It’s bad enough you made me quit my job—not just once or twice, either. And for what? To keep me awake at night, as I try to find solutions to problems you’ve created, teasing me with new ideas when I haven’t even finished fleshing out the ones you gave me last time. Oh, and that thing you do, when you wake me up in the middle of the night, to tell me, Hey, Matt! You know that sentence you were struggling to put together earlier today? Well, here it is. I mean, not to sound ungrateful or anything, but do I have to hear it right now? It’s three a.m and I have to be up in a couple of hours to go and write.
You bastard, Writing.
My memory’s a little hazy, but I’m pretty sure I was doing fine before you came along. Now you distract me from other, more worthy endeavours, such as… oh, I don’t know. Swimming, or cycling. Or building my own house. And yes, you’ve taken me to some interesting places—physically and, you know, spiritually—but they were places I didn’t always need to go. Uncomfortable places. Places of profound personal discovery. Worse still, you’ve given me a sense of purpose—an ambition, a goal—when all I really want to do is sit on my arse and watch old episodes of The Simpsons, or whatever’s on Sky Atlantic HD. On occasion, you even—whisper it—give me hope, when, really, we all know that hope is pointless, and that we’re all doomed. And for that, I really hate you.
But I think the thing I hate most about you is that you know, in spite of my need to do other things, and my dalliances with other art-forms and creative outlets, you know that I’ll always come back to you. No matter how many dead ends you lead me down, how many rejection-slips you get me, how many glazed looks of disinterest you’d have me receive. You know I’ll be back…
Oh, Writing, you smug old git.
So, yes, sometimes I really do hate you. Savage Garden-style—truly, madly, deeply. Lifelong-partner-style. For all the early mornings, the backache, and the deteriorating eyesight. For the gut-rot and all the other pain you cause me. But the truth is, I wouldn’t have it any other way. No, siree. Not in a million years. Because—to paraphrase the great Mister Gregory Porter—even our worst days are better than the loneliness I’d feel without you.
Andi Jackson and I have been pals for over a decade now, having met in the musical Mecca that is Milton Keynes, where Jackson–a bass player by trade–had been one of the most recognisable faces of the scene, rocking the stage with both The Modus Vivendi and Our Man In The Bronze Age, before relocating to the north and joining Lake of Snakes and Horrid. He’s a hugely talented musician, with a healthy taste for most things weird and wonderful, and hanging out with him is always a blast, thanks in no small part to his boundless enthusiasm and infectious energy.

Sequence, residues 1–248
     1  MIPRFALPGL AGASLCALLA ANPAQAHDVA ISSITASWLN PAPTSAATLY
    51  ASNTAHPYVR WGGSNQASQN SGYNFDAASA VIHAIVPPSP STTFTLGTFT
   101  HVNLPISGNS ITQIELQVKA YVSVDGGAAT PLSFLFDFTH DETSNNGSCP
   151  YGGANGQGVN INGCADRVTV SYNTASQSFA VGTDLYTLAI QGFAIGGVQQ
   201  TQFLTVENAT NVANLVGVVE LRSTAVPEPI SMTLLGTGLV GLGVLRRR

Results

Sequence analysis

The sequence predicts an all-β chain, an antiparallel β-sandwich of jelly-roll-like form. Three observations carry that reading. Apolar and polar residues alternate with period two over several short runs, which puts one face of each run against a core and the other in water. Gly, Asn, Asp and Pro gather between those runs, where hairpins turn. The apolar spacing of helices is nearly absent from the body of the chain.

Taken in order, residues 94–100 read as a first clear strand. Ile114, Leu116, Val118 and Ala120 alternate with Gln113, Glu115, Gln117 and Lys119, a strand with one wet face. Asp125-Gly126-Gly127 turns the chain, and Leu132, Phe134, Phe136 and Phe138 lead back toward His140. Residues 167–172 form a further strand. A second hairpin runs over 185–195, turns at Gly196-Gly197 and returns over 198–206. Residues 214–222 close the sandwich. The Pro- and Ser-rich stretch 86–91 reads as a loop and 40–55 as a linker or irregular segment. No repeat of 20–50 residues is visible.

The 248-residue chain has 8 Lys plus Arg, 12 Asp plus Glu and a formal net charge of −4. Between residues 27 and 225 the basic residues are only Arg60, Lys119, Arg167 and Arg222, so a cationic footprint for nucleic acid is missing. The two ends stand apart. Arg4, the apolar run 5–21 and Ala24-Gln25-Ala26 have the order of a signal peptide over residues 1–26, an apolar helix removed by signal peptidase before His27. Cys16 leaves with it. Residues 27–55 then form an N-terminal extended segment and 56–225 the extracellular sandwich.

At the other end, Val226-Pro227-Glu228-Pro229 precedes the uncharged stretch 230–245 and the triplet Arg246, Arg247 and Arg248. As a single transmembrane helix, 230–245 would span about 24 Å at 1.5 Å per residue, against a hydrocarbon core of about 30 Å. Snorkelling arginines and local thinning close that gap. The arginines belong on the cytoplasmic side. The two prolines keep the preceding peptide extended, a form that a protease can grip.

Excerpts is Jackson’s first solo outing, and it marks something of a departure from both The Modus Vivendi’s spiky discordance and the gut-rolling heavy rock of Our Man In the Bronze Age. Written, recorded and produced by the man himself, the six tracks on offer here see him in reflective, almost plaintive mood, experimenting with sounds drawn primarily from his twin loves of dream pop and krautrock. Jackson told me he was looking to push himself beyond the boundaries of what he’d done previously; at the same time, he wanted to keep things simple and “create space”.
It can often be tricky reviewing something created by a friend, but in the case of Excerpts I had no qualms about saying what I thought: I loved it. Each track is unique, quirky and shot through with a unifying theme that’s suggested rather than shoved in your face. There’s a simmering, Fugazi-like menace to the bass lines that drive ‘Verano’ and ‘Compare & Despair’, while ‘Gateway Drug’ erupts into a frantic chorus midway through, before resuming its focused trajectory. ‘Dew Drops’ is an unsettling fusion of arpeggio chords and propulsive drumming, and ‘Ex Capere’ delivers a sonorous, slow-building slice of psych-rock. ‘Contaminate’, meanwhile, wouldn’t sound out of place on one of Josh Homme’s Desert Sessions albums—no bad thing, as far as I’m concerned.
Excerpts is unlikely to be embraced by those whose tastes don’t extend beyond the mainstream but this is a tantalising introduction from a dedicated, multi-talented musician; the sound of an artist striking out on his own, melding his influences into something singular and surprising.
One of the things I repeatedly tell my pupils and tutees, and their parents, is that there’s nothing I can teach them that they can’t learn by reading books. Occasionally, this backfires and they tell me not to bother coming again, but mostly they nod in agreement… and then go straight back to their iPads the minute we finish our lesson.
When I look at photos of Chris Cornell—especially those from the early nineties—I’m immediately struck by two things: one, how handsome he was—how tall and handsome and robust-looking—and two, how happy I was listening to his music. In the case of the latter, of course, the passing of time, coupled with the sudden sting of a tragic event such as the one that occurred last Wednesday, can cause us to over-tint the glasses through which we view our memories. In this instance, however, I’d say my vision is pretty clear.
So. I’m just about done with the first draft of the latest WIP. It’s no longer a WIP, exactly—more like a WAD. A Work Almost Done. Long road ahead, I’m sure, but right now it feels good to have reached this stage. It’s taken a lot longer than I expected, and there were definitely times when it felt like I would never get there. Adding to that sense of never-gonna-get-there was the fact that, throughout the process, I watched as other writers finished their projects. Writers who had started at the same time as me, or even after. I read their posts on social media, noted their word count, tracked their progress—even saw some of them get their books published.